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Cellular Respiration Review
Transcript of Cellular Respiration Review
Happens in the cytoplasm
Uses glucose from outside the cell
2 molecules of 3-carbon
For this to happen, 2 ATP
An input of 2 ATP are required,
but the process will give the cell 4 ATP!
- 2 ATP + 4 ATP = net gain of 2 ATP
Cellular Respiration Review
Means "Breaking glucose"
Pyruvic Acid then heads
to the mitochondria
We also need an input of 2 NAD+
During glycolysis both molecules of NAD+ will be
filled with electrons and become NADH
These NADH molecules will head to the Electron
Transport Chain in the mitochondria
Matrix: inside the inner
Intermembrane space: between
the inner and outer membrane
Krebs cycle: in the matrix
Electron Transport Chain: on the inner
Requires 2 pyruvic acids from glycolysis
3-carbon pyruvic acid loses one carbon
to become a 2-carbon molecule
This 2-carbon molecule bonds to
a 4-carbon compound already in the cycle, becoming a 6-carbon compound.
One carbon at a time is removed until we're back to a 4-carbon compound, ready to begin the cycle again!
Each carbon that comes off is given off as carbon dioxide. The Krebs cycle is why we breathe out CO2!!
We also get a little ATP from Krebs, and a LOT of electron carriers:
NADH, just like in glycolysis
FADH2 as well - it works just like NADH!
Note: the diagram shows what happens to ONE pyruvic acid, but remember that each glucose makes TWO pyruvic acids - so this cycle happens twice for each molecule of glucose.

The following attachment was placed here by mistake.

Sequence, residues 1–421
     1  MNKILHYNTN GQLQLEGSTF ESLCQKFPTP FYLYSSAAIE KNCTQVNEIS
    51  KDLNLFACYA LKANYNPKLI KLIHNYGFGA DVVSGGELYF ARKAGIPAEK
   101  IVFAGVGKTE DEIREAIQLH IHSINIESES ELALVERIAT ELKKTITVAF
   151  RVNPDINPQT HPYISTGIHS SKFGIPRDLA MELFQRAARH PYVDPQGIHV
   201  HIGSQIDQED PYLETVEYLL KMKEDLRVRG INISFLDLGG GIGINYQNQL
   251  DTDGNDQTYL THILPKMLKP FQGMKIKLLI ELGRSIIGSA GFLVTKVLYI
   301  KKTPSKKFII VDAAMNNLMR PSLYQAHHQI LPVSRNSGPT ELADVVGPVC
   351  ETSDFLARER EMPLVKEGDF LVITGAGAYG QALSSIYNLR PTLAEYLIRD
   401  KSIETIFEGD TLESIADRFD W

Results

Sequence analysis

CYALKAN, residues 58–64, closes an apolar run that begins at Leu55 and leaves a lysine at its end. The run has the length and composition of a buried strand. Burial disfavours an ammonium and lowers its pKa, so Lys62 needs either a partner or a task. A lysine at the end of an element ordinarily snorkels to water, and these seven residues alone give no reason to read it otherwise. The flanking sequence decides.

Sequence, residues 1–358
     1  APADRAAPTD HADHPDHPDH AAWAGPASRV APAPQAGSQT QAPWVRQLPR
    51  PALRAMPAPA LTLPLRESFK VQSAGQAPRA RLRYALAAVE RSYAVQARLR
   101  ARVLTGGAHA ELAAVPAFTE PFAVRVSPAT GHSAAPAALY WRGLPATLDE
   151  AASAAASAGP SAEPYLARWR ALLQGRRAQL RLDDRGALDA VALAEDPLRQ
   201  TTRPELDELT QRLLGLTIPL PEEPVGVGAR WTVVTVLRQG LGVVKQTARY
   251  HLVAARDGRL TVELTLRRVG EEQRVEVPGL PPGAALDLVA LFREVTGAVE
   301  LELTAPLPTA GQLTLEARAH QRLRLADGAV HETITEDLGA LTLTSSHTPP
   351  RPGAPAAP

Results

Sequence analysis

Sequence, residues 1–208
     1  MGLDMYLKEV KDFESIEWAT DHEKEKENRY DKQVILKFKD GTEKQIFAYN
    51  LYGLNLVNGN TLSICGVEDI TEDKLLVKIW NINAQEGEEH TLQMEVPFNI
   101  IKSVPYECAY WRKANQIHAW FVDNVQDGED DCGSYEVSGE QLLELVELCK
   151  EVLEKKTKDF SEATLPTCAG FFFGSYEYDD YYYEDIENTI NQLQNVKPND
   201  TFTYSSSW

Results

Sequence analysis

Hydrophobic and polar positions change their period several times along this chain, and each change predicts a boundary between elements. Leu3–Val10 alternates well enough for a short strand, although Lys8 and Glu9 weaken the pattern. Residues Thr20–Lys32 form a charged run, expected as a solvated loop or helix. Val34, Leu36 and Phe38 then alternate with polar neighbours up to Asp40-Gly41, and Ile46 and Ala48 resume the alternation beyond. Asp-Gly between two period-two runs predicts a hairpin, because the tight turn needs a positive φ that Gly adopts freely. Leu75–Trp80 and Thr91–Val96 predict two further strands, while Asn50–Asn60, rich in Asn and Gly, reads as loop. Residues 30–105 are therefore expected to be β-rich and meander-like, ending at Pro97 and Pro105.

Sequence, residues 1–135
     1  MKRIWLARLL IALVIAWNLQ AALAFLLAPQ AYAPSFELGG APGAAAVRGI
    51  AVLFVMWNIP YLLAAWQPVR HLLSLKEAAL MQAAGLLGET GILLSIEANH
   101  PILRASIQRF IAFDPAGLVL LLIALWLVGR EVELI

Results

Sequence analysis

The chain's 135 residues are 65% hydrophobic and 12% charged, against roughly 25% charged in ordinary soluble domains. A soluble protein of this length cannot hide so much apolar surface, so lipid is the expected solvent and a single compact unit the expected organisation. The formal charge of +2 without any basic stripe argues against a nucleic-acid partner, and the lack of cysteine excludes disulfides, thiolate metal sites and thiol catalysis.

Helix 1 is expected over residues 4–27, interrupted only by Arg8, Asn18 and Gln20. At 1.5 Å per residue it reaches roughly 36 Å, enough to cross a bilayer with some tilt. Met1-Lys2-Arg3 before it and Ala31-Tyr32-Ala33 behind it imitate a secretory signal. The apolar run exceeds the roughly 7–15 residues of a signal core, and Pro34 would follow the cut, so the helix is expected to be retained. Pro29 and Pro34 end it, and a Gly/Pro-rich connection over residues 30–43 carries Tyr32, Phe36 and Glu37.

NADH and FADH2 arrive to drop off their electrons.
Once their electrons are dropped off, they become NAD+ and FAD again, ready to be reused in glycolysis and Krebs.
If the ETC shuts down, there won't be any NAD+ and FAD being recycled, so glycolysis and Krebs will shut down as well!
High energy electrons move through the ETC, giving off their energy to power the active transport of hydrogens across the inner membrane
When the electrons get to the end of the ETC, they are picked up by oxygen. Hydrogens bond to this molecule to create water, which is a by-product of respiration.
Hydrogens are pumped across the inner membrane by active transport. This raises the concentration of hydrogen in the intermembrane space.
Because of the high concentration of hydrogen outside the inner membrane, we have a concentration gradient.
Hydrogens diffuse (hi -> lo) across the inner membrane through the only available opening, the protein ATP synthase. (Facilitated diffusion!)
ATP synthase is powered by the diffusion of hydrogen. The protein spins and adds a P to ADP, creating ATP! This is where most of the ATP gets made during respiration.
Note: if there is no oxygen to pick up electrons, the whole process gets backed up and respiration shuts down. When your cells aren't getting enough oxygen, they switch to lactic acid fermentation to get ATP, which is less efficient and causes a burning ("The Burn") in your muscles.
Big idea: Respiration breaks down sugar (glucose) to make energy (ATP) for the cell to use.
Formula: Glucose + Oxygen ATP + CO2 + H2O
Most ATP gets made in the Electron Transport Chain
We need a constant flow of new electrons dropped off at the ETC to make all the ATP.
The Krebs cycle and glycolysis grab electrons, put them on electron carriers, and send them to the ETC.
Let's see how it works!
3 main steps:
Overview Image: Glycolysis
Note: The cell uses 2 ATP and gains 4 ATP. This image just shows the net, or overall, change in ATP.
is broken into:
High concentration of hydrogens in the intermembrane space
Low concentration of hydrogens in the matrix
More on the hydrogen concentration gradient in the ETC:
Note: not shown in the formula are the molecules that get recycled:
ATP ADP + P
NADH NAD+ + H
FADH2 FAD + 2H